Stephanie Shabanowitz is not supposed to be alive. But the 27-year-old from Oakdale is very much alive and she wants to be heard - by Congress.
“They told my parents I wasn’t going to be here,” the 2003 Montville High School graduate said. Here and accomplished. Armed with a master’s degree in education and looking for a teaching job. She is upbeat and hopeful.
“Life is good,” she said.
When she was just a teenager, Shabanowitz was diagnosed with both end-stage renal disease (ESRD) and the onset of ovarian cancer. End-stage.
In May 2010, she received a kidney transplant, but it failed four days later. She currently receives hemodialysis at her local dialysis center.
She is maintaining but there’s a problem. Paying for the medication she needs to stay alive.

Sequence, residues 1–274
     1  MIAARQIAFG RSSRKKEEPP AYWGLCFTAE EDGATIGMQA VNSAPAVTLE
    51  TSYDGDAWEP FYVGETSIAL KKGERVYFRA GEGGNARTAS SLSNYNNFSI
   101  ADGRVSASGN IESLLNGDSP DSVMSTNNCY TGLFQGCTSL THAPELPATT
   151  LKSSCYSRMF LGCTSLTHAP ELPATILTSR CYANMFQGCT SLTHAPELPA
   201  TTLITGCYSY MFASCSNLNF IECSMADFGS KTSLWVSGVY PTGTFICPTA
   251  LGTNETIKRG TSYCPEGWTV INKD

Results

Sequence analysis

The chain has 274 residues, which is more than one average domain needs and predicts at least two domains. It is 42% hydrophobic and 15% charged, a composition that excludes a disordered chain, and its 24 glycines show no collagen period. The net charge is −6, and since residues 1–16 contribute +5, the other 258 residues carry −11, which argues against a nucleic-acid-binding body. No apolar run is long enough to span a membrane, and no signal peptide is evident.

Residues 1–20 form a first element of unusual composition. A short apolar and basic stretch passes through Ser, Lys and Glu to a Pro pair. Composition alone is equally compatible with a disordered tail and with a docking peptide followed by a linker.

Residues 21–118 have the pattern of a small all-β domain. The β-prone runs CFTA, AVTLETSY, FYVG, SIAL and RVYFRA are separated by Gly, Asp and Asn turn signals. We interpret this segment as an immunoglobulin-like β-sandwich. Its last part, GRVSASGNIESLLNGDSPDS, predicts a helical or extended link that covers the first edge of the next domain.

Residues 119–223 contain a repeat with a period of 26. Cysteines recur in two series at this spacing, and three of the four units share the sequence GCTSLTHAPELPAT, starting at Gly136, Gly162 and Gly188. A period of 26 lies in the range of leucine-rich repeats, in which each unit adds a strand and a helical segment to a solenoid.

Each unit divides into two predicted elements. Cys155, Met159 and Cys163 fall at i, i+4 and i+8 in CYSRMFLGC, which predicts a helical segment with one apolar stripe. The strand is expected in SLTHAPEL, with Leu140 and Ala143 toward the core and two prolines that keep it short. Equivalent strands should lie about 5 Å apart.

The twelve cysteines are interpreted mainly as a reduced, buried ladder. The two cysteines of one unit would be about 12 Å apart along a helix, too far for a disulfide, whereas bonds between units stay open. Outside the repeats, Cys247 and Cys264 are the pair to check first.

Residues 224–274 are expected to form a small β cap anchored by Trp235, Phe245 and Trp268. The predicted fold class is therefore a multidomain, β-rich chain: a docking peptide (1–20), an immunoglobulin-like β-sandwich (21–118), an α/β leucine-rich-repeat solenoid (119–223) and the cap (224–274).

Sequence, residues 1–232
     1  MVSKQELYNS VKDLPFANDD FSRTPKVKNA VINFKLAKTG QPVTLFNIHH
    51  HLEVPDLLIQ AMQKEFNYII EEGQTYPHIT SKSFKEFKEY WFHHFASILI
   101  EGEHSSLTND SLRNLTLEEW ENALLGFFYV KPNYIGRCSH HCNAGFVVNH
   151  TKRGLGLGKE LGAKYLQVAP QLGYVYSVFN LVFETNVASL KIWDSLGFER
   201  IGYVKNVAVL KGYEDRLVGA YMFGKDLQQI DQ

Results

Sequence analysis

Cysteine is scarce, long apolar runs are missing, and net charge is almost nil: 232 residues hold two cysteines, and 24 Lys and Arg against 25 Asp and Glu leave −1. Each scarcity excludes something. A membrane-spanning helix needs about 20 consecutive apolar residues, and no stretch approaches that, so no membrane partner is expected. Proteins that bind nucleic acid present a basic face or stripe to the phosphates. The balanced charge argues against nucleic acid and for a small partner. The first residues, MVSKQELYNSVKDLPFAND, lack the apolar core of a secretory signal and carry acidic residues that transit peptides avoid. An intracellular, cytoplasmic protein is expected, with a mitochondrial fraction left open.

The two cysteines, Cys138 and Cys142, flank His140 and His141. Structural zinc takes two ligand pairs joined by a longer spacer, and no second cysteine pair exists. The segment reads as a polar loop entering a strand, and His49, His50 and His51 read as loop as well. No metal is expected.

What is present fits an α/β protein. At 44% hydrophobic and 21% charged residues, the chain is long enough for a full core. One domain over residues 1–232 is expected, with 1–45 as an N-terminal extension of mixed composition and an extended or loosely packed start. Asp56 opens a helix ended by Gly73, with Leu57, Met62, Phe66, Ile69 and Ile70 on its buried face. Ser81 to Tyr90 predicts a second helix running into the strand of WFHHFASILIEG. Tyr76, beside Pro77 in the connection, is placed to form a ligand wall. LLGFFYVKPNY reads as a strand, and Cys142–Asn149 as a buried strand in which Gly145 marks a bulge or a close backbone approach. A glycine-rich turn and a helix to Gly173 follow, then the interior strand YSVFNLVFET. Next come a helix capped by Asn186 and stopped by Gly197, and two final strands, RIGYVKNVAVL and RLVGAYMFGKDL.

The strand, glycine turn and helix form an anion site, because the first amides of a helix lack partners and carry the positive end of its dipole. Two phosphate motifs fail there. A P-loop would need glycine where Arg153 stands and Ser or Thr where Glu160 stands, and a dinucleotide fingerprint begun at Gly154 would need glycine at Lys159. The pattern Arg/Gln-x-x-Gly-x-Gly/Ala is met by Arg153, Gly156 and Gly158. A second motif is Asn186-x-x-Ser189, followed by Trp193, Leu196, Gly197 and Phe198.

“After receiving a kidney transplant in May 2010, I learned that Medicare only covers anti-rejection medication for transplant patients for 36 months. Transplant patients need to take anti-rejection drugs for the rest of their lives in order to sustain a transplant,” Shabanowitz said.
Shabanowitz has been chosen by the American Kidney Fund (AKF) to participate in its fourth annual advocacy day on Capitol Hill on Thursday March 7.
She’ll join 10 other patient-advocates from across the nation to participate in a variety of events in Washington, D.C.
“We shouldn’t have to decide between paying for meds or paying for housing, gas, food, bills,” she said. “I hope my voice, what I have to say could help a congressman see” the need for Medicare coverage for post transplant patients.
Shabanowitz is a member of AKF’s Advocacy Network, which features more than 1,400 kidney patients and caregivers nationwide. The annual Capitol Hill event provides AKF’s advocates the opportunity to educate policymakers on issues of importance to people who are living with kidney disease.
During her Capitol Hill visit, Shabanowitz will meet with Rep. Joe Courtney and the offices of Sen. Richard Blumenthal and Sen. Chris Murphy.